Interaction of interface proteins with HCV proteins may induce functional perturbations that could expand to adjacent pathways. One of these proteins is the nuclear factor Yin Yang 1 (YY1), which exhibits a central position in the IJT network as it connects the three pathways. HCV CORE interaction with YY1 has been previously shown to be functional relieving NPM1 expression. This observation could be extrapolated to PPARδ expression and SMADs transcriptional activity in support of insulin and TGFβ pathway modulation (Kurisaki et al, 2003; Mai et al, 2006; He et al, 2008). This is only one illustrative example of cellular target most likely to be involved in HCV‐induced phenotypes. Many of the proteins at the interface are known to have an important function in the regulation of one, two or the three pathways without being officially annotated. The clinical phenotypes observed in chronic HCV infection are most likely to result from the integrative effect of protein interactions depicted in the IJT network.

Another issue that became apparent in the IJT network is that CORE appears as a major perturbator of the IJT network. Interestingly, transgenic mice expressing CORE develop insulin resistance (Pazienza et al, 2007). The IJT network provides a powerful tool to investigate the impact of CORE in HCV‐associated metabolic disorders. It is also worth considering that the IJT network may identify a series of genes involved in diseases, such as steatosis and fibrogenesis, in the absence of viral infection.

Focal adhesion

Focal adhesion was specifically targeted by NS3 and NS5A proteins. Integrin‐linked focal adhesion complexes control cell adhesion to extracellular matrix (ECM). Upon binding to the ECM, both α and β integrin subunits recruit proteins establishing a physical link between the actin‐cytoskeleton and signal transduction pathways. When deregulated, this functional process can lead to detachment from ECM and tumour initiation. An adhesion assay was performed that demonstrates that, when transfected, NS3 and NS5A specifically affected adhesion of cells on fibronectin and thus could participate in tumour initiation and progression.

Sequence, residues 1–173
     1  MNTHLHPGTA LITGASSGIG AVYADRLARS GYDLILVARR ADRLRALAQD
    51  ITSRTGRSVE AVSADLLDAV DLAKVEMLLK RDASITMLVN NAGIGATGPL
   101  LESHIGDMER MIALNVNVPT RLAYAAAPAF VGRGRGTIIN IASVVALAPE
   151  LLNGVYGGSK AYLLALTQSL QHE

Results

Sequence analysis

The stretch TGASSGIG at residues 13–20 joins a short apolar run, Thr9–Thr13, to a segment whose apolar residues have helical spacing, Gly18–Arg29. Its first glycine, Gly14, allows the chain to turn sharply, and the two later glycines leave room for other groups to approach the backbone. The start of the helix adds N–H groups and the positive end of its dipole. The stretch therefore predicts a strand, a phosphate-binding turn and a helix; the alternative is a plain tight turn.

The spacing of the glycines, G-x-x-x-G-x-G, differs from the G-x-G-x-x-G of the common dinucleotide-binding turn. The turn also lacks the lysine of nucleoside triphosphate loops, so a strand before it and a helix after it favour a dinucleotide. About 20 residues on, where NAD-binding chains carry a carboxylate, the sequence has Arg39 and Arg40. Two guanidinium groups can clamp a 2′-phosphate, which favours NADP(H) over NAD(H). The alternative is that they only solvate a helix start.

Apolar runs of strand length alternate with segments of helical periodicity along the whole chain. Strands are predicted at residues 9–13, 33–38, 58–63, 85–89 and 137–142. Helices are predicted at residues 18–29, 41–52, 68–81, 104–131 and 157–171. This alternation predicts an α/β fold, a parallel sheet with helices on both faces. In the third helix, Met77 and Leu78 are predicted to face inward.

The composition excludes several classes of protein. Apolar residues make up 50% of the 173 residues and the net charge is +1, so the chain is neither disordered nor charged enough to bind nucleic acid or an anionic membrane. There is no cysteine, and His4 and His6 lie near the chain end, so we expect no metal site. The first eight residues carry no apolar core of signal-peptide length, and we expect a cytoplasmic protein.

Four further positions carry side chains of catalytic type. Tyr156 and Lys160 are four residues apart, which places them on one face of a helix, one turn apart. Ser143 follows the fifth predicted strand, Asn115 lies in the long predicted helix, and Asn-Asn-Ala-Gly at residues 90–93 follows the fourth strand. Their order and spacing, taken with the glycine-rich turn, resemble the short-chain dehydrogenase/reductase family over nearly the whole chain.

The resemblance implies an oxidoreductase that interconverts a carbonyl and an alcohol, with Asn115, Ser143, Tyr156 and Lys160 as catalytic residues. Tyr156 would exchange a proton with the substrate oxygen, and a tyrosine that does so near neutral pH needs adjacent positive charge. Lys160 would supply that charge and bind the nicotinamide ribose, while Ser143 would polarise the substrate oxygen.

In a network approach of HCV infection, the interaction map identifies all potential connections needed for the virus to replicate and escape host defence. A fascinating challenge of this approach is to identify molecular signatures common to several viruses at the protein network level and to discover the vulnerable points to develop original large‐spectrum anti‐viral molecules. This will, however, necessitate the integration of system‐level data sets of different origins that will set the stage for the complex systems analysis of viral infections.

  • Identification of 481 pairwise protein interactions between HCV and human proteins by yeast two‐hybrid screening and extensive literature mining.

  • The integration analysis of HCV‐interacting proteins within the cellular protein network revealed their essential topological feature such as high local and global centrality.

  • Analysis of cellular interactors in regards to functional annotation pathways showed the enrichment of three major pathways (insulin, Jak/STAT and TGFβ) associated with the most frequent HCV clinical syndromes. A human sub‐network centered on these pathways shed a new light on the molecular basis of their co‐deregulation during infection.